to Whom Does the Earth Belong?

April 22, 2018
Reverend Timothy Hart-Andersen

Scripture here…

[Birds singing…]

Birds singing in the sanctuary at Westminster Church. It’s a bit disarming. It brings the wild into an ordered, built space. It interrupts our human words with the sounds of nature.

And yet something needs to get our attention and bring us to our senses. Those birds remind us of our place in God’s creation.

The opening pages of scripture define the terms of human life on this planet, at least from the perspective of people whose faith springs from the biblical witness.

“Then God said, ‘Let us make humankind in our image, according to our likeness; and let them have dominion over the fish of the sea, and over the birds of the air, and over the cattle, and over all the wild animals of the earth, and over every creeping thing that creeps upon the earth.’” (Genesis 1:26)

Some may interpret – and have interpreted – this as a divine green light to exploit the planet, but the Hebrew wording suggests something altogether different. The terms used affirm humankind’s provisional authority – authority for a time – to care for creation in God’s place. The language does not point to a mandate to dominate; it describes a responsibility to protect.

That responsibility, as we have seen, can be fulfilled well…or not.

Genesis is the most abused book of scripture. Its misinterpretation has given rise to the current growing movement against science, as if the foundational, poetic myth-telling, deep-meaning language of Genesis were meant to supplant geology or biology or anthropology or evolution. The first book of the Bible and its opening lines provides us with the basic framing of human purpose: to live within the creation, representing the divine will for the earth and all its creatures.

There’s no ownership language there. If the question is to whom does the earth belong? the response from Genesis is: certainly not to humankind. The psalmist has the theologically-correct response: The earth is the Lord’s and all that is in it.

Yet we struggle with our place in creation. We’re estranged from our very creatureliness. We ache for the outdoors, for a week in a cabin or a bench in the park or a sunset on the beach. We think it’s just the need we have for some fresh air and relaxation, but something else is going on. That longing goes much deeper. We saw it yesterday as thousands of us poured outside finally to satisfy the craving we have deep within for the goodness of the slowly-greening earth.

Our desire for nature reflects a profound creaturely yearning for the Creator. Something within us remembers the goodness of our God in the splendor of the earth itself. The birds remind us of the words of Genesis.

[Birds sing]

There’s another old story from Hebrew tradition that helps us remember the natural response of the creature to the Creator: the account of Moses and the burning bush.

Moses is in the wilderness near Mount Horeb, tending the sheep of his father-in-law’s flock. He’s in the midst of the created beauty of God’s good earth and its creatures, when suddenly a bush that seems to be on fire catches his attention.

When he stops to look at it, a voice calls to him from the bush. “Moses. Moses!”

“Here I am,” he replies.

“Come closer,” the voice says. “Remove the sandals from your feet, for the place on which you are standing is holy ground.” (Exodus 3:4-5)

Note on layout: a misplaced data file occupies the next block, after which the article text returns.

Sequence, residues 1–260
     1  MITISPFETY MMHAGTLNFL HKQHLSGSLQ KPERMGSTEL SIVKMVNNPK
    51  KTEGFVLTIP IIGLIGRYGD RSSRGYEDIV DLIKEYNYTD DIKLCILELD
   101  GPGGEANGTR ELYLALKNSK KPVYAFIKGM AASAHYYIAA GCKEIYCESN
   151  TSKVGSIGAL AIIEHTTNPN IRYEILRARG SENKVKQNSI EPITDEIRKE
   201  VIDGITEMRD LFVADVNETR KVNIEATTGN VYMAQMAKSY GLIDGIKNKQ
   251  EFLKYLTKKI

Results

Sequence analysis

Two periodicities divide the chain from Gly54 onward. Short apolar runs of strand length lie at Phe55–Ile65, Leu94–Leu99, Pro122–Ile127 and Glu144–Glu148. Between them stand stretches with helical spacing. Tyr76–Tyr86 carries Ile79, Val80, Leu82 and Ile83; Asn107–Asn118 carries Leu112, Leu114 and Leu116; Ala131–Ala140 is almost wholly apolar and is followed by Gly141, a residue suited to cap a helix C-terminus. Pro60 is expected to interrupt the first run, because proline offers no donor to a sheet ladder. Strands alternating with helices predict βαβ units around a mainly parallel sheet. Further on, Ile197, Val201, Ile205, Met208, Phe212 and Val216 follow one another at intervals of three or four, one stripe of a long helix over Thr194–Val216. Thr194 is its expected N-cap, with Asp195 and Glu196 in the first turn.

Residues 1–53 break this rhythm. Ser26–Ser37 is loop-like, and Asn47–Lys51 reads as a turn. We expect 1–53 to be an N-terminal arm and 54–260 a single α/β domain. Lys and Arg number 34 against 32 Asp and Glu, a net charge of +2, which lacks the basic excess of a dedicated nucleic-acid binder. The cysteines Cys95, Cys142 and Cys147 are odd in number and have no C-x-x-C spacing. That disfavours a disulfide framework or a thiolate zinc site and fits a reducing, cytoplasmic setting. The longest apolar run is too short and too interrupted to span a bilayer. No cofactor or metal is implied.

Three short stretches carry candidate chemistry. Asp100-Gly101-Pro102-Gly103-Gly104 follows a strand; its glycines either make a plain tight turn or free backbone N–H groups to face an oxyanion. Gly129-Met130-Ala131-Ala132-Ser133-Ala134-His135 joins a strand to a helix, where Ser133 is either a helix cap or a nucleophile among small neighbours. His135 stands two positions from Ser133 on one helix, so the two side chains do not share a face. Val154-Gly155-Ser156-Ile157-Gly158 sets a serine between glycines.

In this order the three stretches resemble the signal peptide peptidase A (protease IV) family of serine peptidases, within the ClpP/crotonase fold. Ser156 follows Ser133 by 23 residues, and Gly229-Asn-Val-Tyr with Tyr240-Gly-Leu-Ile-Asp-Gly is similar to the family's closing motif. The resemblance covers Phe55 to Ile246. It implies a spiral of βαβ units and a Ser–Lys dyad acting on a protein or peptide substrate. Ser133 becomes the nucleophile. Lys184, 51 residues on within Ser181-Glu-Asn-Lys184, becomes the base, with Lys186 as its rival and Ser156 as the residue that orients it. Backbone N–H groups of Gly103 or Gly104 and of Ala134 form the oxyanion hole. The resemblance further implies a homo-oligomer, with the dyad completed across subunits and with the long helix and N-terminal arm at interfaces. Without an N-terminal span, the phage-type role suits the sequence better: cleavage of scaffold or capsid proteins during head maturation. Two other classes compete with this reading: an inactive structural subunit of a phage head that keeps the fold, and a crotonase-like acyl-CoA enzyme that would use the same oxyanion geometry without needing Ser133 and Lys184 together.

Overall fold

This story is typically viewed as an account of the call of Moses by God to go to Pharaoh and free the Israelites, and it is. But there’s a preliminary summons, a first-order call to remember the sacredness of the earth. Before anything else, Moses, remember that. Remove your sandals; the place on which you are standing, the voice says, is holy ground.

It’s as if the voice were saying,

“Look at the goodness of this wilderness, Moses, and of this fiery bush, and of the sheep, and all the creatures. Look at the beauty of this mountain, the light, the air, take in the scent of the ground, listen to the birds. Remember that all this is holy, and you are part of it.”

We should have taken off our shoes as soon as we heard the birds. This is holy ground.

[Birds sing]

We listen to those sounds every Wednesday evening in our time of quiet prayer in The Clearing. And last week I took off my shoes as we listened to the birds. I didn’t think about Moses and the burning bush; I simply didn’t want to compete with the sounds of creation.

In his poem The Sacredness of the earth, Raymond Foss writes:

So much of our faith
that which is eternal
the dogma we believe
without a certain creed

Something inside
something lasting
believing in the sacredness
the preciousness of the earth

Not a given faith or religion
no, far deeper, primal
something to which we can relate
the world we walk upon
the earth from which we came

The place on which you are standing – the earth from which we came – is holy ground.

The degradation of the planet by humankind is a spiritual problem. It comes from having lost a sense of our creatureliness. We’ve forgotten our place in the creation. We live as if we owned the earth, as if it were ours to do with as we please.

The earth is the Lord’s and all that is in it.

April 22, 1970, marked the first Earth Day. It was organized by a broad, national coalition of urban and rural citizens, Republican and Democratic officeholders, students and business leaders. The effort came in the aftermath of a major oil spill off of Santa Barbara, California. Millions of Americans from all walks of life agreed that protecting the environment was our work as a people, a high national priority. That consensus led to the establishment of the Environmental Protection Agency by an executive order from Republican President Richard Nixon.

Today, 48 years later, that bi-partisan, cross-cultural coalition has largely dissolved, one more victim of the rancorous national ethos of our time.

Earth Day did not invent the environmental movement; it was simply the latest manifestation of a long-standing American commitment to preserve the natural wonder and beauty of this land for future generations. Our legacy going forward.

Another Republican president led the way at the start of the 20th century. Theodore Roosevelt “created 18 national monuments, 150 national forests, 51 bird reserves, and four game preserves, and protected from development 230 million acres of public lands.” Here in Minnesota Roosevelt established the Superior National Forest, within which the Boundary Waters Canoe Area lies. (http://www.pbs.org/nationalparks/people/historical/roosevelt/ and http://www.kansascity.com/opinion/readers-opinion/guest-commentary/article209492384.html)